You turn to your friend. You touch his elbow. You smile.

That night is the first time you go to bed together. He just holds you. You have never been held like this. You listen to him breathe. You feel his heart pumping into you. You slowly slide your hands underneath his chest until it is as if you are just one four-armed and four-legged Special Advisor, holding on and on. There is another execution. Three women. All have children. None are poets. But none are warriors either. You find their pictures, you look at their faces, you put the pictures under a pile on your desk, you get the pictures out from under the pile, you look at their faces again.

You try to get up and go for coffee. Your knees are unobliging. It takes over fifteen minutes. The other Special Advisor, who is now more than a friend, pours for you, says nothing, hands you chocolate digestives. When the others finally leave the kitchen, the other Special Advisor puts a hand on your shoulder. You take the coffee and the chocolate digestives back to your desk but when your hand moves towards the pictures of the three women, the shaking returns.

When you are in bed together, you and your lover, the other Special Advisor, do not talk about work. You compete with each other to unearth the funniest news items, the oddest things humans are doing. Siamese twins who make their fortunes from online trading. A two-year-old girl who has composed twelve symphonies. A space umbrella designed to shift rainstorms. There is rarely a time when you do not both have something fantastical to share, and when you have laughed, when you have made love – which you are astonished to find never makes you uncomfortable, inhibited, shy – you sometimes jointly wonder at the world in which this can be so. Where is the normal? you ask each other. Where is the still?

After a month, you are summoned for review. Your boss tells you that they are impressed with your thoroughness. Your boss begins to say something about your predecessor but stops himself. He looks towards the large windows of his office and out over the city. Then your boss turns back to you, a false smile on his face. He thanks you again, sees no need for further review until the completion of the three-month probationary period. You understand that you are doing well.

You had questions. You had the words of a poem under your tongue. You had many pairs of eyes inside your head, looking out through your eyes towards your boss as if he held answers. As you reach your desk, you hold on to your chair and take a long deep breath. Then you move your computer mouse and watch the screensaver disintegrate.

There is a morning where you wake up and decide not to go to work. You do not call your boss. You do not call your lover, who has not spent the night because of working late. You do not phone anyone.

You leave your home and stand out in the street a while. You turn right and that is when you choose where you will go.

The researcher is surprised but friendly. The octopus does not seem surprised. You sit by the octopus’s tank with the cup of tea the researcher made for you. You wonder about the octopus. You wonder if the octopus wonders about you. You try not to think of the poet, the kingpin, the three mothers.

You and the octopus have been there for several hours when you hear someone else come round the tanks towards you. You expect the researcher. Or perhaps your lover, worrying about you. But you do not know the woman. She is not wearing a lab coat. She looks at you as if you are who she has come to see. She does not look at the octopus.

I think we should talk, she says. I think you want to meet me.

You are confused. Is she an expert in cephalopods? Had you mentioned you wanted to learn more?

And then, as if you are slapped hard, you know exactly who she is.

You . . . you say. You are my . . . You did my . . .

She blinks twice, clears her throat. She looks away and then she looks right at you. You see their faces, she says. You hear them. Their eyes are in you. They look out through your eyes. You have trouble with your knees. You find it hard to get out of the chair.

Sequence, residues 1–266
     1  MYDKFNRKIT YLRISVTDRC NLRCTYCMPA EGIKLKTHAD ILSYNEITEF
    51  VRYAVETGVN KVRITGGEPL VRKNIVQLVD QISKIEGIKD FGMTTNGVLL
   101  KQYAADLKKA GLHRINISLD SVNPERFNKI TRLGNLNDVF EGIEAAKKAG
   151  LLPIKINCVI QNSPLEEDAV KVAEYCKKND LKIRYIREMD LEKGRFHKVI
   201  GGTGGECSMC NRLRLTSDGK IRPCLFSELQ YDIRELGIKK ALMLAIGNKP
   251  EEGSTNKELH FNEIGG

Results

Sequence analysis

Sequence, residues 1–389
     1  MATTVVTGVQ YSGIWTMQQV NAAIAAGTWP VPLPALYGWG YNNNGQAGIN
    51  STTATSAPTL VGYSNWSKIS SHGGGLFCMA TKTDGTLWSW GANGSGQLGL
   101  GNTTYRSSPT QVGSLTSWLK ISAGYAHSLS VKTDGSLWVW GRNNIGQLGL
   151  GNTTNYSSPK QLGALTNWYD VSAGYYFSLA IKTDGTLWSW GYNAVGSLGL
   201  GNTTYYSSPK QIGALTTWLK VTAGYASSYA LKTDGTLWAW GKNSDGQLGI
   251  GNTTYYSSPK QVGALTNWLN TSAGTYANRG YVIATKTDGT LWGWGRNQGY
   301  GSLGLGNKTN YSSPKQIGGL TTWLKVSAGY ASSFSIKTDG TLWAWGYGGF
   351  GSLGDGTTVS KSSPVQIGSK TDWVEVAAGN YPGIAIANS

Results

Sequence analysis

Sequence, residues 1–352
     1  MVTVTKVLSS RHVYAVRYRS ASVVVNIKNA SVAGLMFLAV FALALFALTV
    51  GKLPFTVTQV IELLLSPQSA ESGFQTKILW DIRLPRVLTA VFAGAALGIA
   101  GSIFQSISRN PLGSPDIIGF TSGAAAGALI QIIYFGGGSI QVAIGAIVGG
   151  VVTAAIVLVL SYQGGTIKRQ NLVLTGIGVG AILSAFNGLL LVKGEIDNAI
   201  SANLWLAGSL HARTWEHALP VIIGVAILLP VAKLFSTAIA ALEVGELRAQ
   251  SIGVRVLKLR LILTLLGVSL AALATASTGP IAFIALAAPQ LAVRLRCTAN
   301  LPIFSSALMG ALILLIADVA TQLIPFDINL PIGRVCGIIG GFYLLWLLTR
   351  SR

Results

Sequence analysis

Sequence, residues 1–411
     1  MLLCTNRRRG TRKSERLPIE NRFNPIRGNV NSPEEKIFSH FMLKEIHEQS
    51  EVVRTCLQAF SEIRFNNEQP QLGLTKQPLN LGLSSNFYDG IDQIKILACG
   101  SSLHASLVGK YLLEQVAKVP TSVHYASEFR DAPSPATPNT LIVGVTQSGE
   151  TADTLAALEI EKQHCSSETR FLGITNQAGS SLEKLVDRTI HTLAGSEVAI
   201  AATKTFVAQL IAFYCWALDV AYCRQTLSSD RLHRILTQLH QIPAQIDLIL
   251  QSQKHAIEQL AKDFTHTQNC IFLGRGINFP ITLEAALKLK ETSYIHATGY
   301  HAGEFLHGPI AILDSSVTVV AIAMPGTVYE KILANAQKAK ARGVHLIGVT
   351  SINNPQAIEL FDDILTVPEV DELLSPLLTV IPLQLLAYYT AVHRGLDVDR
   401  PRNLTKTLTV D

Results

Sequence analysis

Yes, you whisper. You can’t look at her because she sees too much of you, so you stare at the octopus. Your chest is filled with something liquid. Your heart is swimming. Nothing is said out loud at all.

And then you open your mouth. And then you say: I see them all the time I hear them I feel like they are watching me he wrote poems the body was full of holes they all had children so many children I don’t understand how someone can how someone does what did they do the mothers the others he was just a poet well maybe one of them was criminal but the women the women they whisper in my ear how is it that one person can do and to another and what if I could what if we could what if it’s just pretending not to what if underneath the suits I go into the coffee room and everyone’s polite and on my desk on my desk there is this pile there are pictures and they stare at me and then my legs don’t work my knees don’t work I can’t slice food without thinking and is this going on and it just comes at me comes at me why is it coming at me as if they are doing it for me doing it to me for me his eyes his poems I can’t I can’t I can’t.

And when you are gasping too much to carry on you feel a chaos and you turn and the octopus is thrashing, whirling round its tank, tentacles whacking and slashing at the walls, at each other, at the octopus’s head and your heart is paddling as you bend towards the tank, as you whisper Shhhh, shhh. Your new friend, the former Special Advisor, kneels down too and you both put your palms on to the tank’s cool glass, you press your cheek there, and right then you cannot remember who is in the tank and who is outside. The octopus begins to slow down, its tentacles sliding around the tank, slipping towards its floor. Through your cheek you feel the violence as it ebbs away.

You hear voices and two researchers wander into your section of the lab. When they see you, they giggle and stare. Your new friend lifts herself up and then she holds out her hand to you. You let her pull you to standing then you lean on the top of the tank, your body still unsolid. Sorry, you say.

Don’t be, she says.

You leave the lab together. You take the lift down and then you are in the street, facing one another. You do not know how this will end. You have no idea how this will end.

Then she says what she says to you and, like another slap, you know it all.

You don’t have to, she says, and walks away.

You watch her reach the end of the street, then vanish. You think of open landscapes, of the sea filled with every type of life. You breathe in. You breathe out. Your heart is sad but still. Your heart is you. You think about your mother. You realize it has been a long long time. You turn and walk the other way, thinking of what you will tell her about your day.